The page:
The Living Well of Grief

Aug 7, 2018 | Blog Articles

When life delivers us an unexpected diagnosis in ourselves or in someone we love or when a relationship we thought would last a lifetime suddenly ends,
when our dreams are shattered by the death of someone dear, we enter the bewildering landscape of grief.

We don’t get ‘over’ grief as if it were a surmountable obstacle. We can become more comfortable with our discomfort but there is no finite time for grief
as there is no finite time for love.

Grief can spring out of drawers and cupboards, off shelves, from photographs, waft to our nostrils upon a perfume, is precipitated by music, clutches at
our heart, hollows out our insides and plummets us to the depths. It is indeed a strange beast to know and understand, to embrace, digest and assimilate.

Our heart can feel like it’s breaking

The chemical consequences of grief create a powerful visceral reaction. Our heart can indeed feel like it’s breaking, we may feel vague or disoriented
and many people describe a sense of feeling ‘amputated’ – as if a part of them has been severed.

What helps

It can be very helpful to identify the behaviours, the environments and the things that we do or have in our lives that give us peace or that connect us
to the present moment. For some people solace can be found in the garden, by listening to music, in the company of friends and loved-ones, through
writing out our feelings or creating a special event or project in celebration of that person’s memory.

Activities that nurture us such as warm baths, eating well, massage or counselling can help us maintain a healthy perspective that acknowledges our pain
without overwhelming us. Scheduling time for ourselves to express our sadness, disbelief, anger or frustration can be more effective than it coming
out in less helpful reactive language or behaviours.

Finding pleasure after loss

Many people berate themselves for having a good time or for laughing and enjoying themselves when they are grieving. Some people think they must be in
denial or they feel guilty or mortified that they can find pleasure in anything after the dreadful pain of loss. Having fun or enjoying each other’s
company is not a sign that we miss a loved-one any the less. Holding onto the pain of grief as a way of staying connected to our loved-one deprives
us of the opportunity of integrating the experience in the knowledge that love never dies. The opposite of death is birth, not life. Life is indestructible,
life is eternal, love never dies.

Making meaning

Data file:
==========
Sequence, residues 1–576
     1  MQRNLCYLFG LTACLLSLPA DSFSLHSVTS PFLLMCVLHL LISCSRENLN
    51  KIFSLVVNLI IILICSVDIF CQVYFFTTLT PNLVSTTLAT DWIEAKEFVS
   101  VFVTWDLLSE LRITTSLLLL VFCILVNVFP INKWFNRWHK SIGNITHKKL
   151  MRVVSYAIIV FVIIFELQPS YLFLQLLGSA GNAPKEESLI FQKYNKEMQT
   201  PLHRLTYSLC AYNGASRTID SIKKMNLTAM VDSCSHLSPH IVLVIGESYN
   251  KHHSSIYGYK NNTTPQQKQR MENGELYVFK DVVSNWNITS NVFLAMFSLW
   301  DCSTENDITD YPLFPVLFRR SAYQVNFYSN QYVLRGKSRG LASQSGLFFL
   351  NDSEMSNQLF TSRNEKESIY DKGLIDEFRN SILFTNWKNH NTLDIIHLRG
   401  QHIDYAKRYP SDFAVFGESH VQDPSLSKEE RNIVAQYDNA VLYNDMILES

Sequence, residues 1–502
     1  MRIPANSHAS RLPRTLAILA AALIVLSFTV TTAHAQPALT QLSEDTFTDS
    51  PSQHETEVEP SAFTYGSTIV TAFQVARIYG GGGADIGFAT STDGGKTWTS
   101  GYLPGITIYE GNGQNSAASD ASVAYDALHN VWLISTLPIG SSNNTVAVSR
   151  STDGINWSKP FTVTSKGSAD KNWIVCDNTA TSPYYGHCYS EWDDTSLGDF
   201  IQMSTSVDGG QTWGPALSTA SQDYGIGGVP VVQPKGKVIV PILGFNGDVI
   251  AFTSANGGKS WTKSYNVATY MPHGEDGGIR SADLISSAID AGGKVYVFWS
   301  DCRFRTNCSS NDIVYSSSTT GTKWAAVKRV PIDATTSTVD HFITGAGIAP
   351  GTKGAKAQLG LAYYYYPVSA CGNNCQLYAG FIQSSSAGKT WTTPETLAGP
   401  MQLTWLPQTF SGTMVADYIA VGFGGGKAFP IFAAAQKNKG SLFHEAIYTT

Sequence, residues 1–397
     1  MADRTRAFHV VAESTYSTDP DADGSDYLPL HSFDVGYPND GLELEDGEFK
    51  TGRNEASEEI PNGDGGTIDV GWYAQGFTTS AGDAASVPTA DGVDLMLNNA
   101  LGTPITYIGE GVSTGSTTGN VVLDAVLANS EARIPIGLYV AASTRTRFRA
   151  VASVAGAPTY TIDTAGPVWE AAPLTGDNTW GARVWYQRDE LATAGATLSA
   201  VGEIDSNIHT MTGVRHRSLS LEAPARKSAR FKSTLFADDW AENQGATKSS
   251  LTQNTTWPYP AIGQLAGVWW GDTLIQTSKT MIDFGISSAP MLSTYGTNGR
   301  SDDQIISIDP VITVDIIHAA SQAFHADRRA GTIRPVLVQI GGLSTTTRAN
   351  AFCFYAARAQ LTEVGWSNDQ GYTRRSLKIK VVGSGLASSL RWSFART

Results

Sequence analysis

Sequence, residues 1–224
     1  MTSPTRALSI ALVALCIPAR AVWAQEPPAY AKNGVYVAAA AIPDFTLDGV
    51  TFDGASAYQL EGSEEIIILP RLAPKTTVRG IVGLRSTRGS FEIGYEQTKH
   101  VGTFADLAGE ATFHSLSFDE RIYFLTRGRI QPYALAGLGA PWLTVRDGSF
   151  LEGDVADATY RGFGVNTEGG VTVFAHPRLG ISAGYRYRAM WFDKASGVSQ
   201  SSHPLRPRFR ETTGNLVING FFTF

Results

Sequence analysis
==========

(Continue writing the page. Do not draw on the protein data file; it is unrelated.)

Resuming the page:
If WE are to find peace after a loss, we will need to make meaning out of our loss as it doesn’t have ‘intrinsic’ meaning. Each one of us is able to make
meaning out of the traumas and tragedies that happen in our life. We can make it a terrible meaning – as in life is cruel, heartless, unfair, God’s
out to get us! – or we can make a better meaning out of awful situations by how we view it. Once someone dies, we need to find a way of incorporating
that loss into our lives if we are to find peace. In so doing we begin to find a way to
honour their
life by the way we choose to live ours.

For me, grief has taught me that every relationship is a treasure and to be cherished and every moment is precious to be spent fully living it.

Participants in our programs conducted by the Quest for Life Foundation find the shared company of others gives them an opportunity to find their individual
ways of honouring the impact of their loss and begin to make meaning of their experience. The programs are available to all in need of them and it’s
important to give ourselves the time and space to take on the changed reality of loss. Grief carves deeply into our being and forces us to explore
parts of ourselves that are often unfamiliar to us.

Quest for Life can help you work through and live with grief through our residential programs or our 1-day
program Living Mindfully: With Grief. By learning strategies and techniques to manage
your response to life’s events, you can regain your equilibrium and ease the aching void.

There is no healthy way around grief. By honouring our unique way of embracing grief and removing the pressure of other people’s – and our own – expectations
of how we should grieve, we can create a healing pathway for ourselves.

~ Petrea King